Page 124 - Jewish Book Annual Volume 39

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JEWISH BOOK ANNUAL
The latter consists of literary manuscripts, personal manuscripts,
and documents. O f special interest are:
A. The entire collection of Hebrew codices in the Vatican
Library. This collection was acquired through the joint ef­
forts of the late Richard Cardinal Cushing, Archbishop of
Boston, and Dr. Abram L. Sachar, then president o f Bran­
deis University.
B. The David Kaufmann collection of Hebrew codices.
This collection is presently housed in the Oriental Library of
the Hungarian Academy of Sciences.
Both collections are rich in manuscripts in the fields of Jewish
philosophy, Hebrew literature and biblical commentaries. They
reflect the development of Middle Eastern and European Jewish
learning throughout the medieval, renaissance and early modern
periods.
The library further supplemented its holdings of literary man­
uscripts by acquiring microfilms of selected groups of manu­
scripts from collections of such libraries as Biblioteca Palatina in
Parma, the Bodleian Library in Oxford, and more recently, the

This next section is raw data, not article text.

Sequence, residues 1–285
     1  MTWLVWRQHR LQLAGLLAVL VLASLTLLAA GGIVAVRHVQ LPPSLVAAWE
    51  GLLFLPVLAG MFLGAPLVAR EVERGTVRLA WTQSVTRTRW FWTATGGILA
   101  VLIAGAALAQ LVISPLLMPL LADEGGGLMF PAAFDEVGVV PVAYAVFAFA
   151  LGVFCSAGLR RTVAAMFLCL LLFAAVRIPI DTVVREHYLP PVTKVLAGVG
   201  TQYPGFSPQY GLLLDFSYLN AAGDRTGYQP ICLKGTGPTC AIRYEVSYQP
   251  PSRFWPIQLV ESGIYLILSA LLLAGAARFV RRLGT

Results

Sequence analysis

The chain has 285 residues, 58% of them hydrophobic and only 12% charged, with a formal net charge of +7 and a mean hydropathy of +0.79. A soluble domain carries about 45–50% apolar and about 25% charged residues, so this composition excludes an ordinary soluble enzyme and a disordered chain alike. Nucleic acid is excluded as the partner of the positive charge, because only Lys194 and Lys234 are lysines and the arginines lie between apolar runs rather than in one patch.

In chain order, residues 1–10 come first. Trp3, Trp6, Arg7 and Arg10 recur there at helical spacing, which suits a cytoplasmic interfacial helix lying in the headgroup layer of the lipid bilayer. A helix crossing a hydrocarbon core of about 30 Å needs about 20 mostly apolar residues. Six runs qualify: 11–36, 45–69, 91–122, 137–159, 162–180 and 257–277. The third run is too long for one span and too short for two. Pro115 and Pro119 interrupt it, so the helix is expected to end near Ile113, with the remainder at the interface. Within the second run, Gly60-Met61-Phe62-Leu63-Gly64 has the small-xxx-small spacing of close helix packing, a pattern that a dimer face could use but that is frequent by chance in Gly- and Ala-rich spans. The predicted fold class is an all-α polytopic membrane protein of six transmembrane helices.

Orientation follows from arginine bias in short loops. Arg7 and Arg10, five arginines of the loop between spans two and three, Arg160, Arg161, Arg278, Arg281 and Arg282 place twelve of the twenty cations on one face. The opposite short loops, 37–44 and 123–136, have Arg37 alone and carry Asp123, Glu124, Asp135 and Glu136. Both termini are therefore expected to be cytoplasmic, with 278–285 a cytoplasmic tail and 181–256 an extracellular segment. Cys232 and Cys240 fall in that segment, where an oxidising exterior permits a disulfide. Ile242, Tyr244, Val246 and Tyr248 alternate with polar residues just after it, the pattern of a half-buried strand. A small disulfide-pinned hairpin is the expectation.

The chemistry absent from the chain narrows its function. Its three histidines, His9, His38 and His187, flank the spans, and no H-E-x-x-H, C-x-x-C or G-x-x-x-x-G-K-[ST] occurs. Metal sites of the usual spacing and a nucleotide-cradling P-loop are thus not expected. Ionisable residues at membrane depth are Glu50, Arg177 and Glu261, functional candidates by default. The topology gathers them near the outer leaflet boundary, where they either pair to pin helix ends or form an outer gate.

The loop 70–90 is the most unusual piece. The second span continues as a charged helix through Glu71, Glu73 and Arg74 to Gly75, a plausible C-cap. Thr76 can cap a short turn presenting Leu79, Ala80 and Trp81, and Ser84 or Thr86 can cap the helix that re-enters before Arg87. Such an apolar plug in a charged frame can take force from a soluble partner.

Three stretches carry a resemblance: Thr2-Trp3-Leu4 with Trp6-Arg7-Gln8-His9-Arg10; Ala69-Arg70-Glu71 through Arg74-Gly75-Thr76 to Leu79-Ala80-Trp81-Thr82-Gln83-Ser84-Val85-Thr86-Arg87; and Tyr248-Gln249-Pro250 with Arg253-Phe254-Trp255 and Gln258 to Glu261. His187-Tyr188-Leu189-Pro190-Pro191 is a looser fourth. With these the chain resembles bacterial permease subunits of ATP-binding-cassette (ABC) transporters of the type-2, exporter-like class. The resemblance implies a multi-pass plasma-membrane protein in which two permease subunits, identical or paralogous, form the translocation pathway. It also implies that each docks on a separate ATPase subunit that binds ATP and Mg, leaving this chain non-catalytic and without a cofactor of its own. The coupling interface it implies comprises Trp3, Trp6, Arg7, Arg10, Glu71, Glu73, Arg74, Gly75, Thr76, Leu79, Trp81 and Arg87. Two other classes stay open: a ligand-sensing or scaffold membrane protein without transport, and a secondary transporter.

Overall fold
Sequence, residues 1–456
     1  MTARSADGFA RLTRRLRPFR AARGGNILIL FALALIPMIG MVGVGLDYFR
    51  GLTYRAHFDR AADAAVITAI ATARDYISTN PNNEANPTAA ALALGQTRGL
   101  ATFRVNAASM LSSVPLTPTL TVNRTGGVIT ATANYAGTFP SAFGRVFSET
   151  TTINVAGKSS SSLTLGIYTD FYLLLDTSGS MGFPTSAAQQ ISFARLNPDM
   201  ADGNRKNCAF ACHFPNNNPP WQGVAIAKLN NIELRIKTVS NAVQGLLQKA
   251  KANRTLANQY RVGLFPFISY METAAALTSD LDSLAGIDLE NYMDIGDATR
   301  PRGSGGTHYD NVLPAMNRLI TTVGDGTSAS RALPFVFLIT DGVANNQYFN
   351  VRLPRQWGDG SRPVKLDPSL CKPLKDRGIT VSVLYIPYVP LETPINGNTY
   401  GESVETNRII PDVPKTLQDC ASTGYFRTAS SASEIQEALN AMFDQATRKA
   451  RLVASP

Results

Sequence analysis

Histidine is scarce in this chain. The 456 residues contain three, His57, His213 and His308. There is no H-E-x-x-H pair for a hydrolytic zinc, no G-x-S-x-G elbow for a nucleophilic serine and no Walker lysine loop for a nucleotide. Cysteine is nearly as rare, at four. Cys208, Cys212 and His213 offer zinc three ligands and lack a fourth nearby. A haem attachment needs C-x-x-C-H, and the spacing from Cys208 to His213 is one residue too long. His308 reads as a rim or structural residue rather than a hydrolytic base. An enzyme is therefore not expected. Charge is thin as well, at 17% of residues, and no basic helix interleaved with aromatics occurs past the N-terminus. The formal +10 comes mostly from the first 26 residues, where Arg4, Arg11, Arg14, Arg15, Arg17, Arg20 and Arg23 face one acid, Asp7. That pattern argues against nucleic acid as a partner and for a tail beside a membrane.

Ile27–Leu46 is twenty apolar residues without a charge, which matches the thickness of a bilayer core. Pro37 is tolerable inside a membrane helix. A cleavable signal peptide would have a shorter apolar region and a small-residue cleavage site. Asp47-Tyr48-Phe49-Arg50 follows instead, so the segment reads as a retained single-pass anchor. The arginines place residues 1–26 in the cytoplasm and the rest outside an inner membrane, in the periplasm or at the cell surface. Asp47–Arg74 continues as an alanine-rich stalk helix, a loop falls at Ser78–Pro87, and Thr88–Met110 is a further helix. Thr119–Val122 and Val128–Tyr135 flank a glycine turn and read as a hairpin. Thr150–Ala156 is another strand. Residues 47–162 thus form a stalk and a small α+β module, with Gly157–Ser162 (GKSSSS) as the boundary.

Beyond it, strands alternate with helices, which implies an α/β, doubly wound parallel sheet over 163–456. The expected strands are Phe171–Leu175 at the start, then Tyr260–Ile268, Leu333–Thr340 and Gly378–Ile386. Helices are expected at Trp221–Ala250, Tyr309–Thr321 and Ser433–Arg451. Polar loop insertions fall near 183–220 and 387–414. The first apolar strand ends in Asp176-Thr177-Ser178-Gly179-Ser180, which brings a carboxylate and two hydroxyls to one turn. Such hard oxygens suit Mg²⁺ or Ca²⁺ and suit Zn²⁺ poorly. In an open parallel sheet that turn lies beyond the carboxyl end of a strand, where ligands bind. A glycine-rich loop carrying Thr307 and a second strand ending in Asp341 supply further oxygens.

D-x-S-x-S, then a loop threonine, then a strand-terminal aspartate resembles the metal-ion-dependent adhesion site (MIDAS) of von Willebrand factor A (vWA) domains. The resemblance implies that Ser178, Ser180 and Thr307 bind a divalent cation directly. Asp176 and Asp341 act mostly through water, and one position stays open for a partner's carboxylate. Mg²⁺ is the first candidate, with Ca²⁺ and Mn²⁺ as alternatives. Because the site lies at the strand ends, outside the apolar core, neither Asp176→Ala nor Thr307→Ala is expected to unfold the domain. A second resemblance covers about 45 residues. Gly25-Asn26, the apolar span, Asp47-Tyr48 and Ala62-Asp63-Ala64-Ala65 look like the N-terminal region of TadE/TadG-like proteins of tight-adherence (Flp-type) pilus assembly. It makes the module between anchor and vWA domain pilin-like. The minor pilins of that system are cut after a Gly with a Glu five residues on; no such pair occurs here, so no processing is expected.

Jewish Theological Seminary of America Library in New York.
C. Resource materials pertaining to early Zionist activities
in the United States, as well as documents pertaining to the
history of the Yishuv and the establishment of the State of
Israel, including papers from the Felix M. Warburg, Jacob
De Haas and Louis D. Brandeis collections.
D. Complete backfiles of current newspapers, such as
Ha-
Aretz, Davar
and the London
Jewish Chronicle.
E. Complete runs of major journals and newspapers, such
as
Ha-Melitz
and
Ha-Shiloah.
The present trends of rising prices for books and serials
coupled with budgetary constraints present us with the challenge
of assuring the continued growth and development of our collec­
tions. We are hopeful that we shall be able to achieve this goal and
that the Goldfarb Library will continue to serve as an important
repository of Jewish culture for the Brandeis community as well
as the community at large.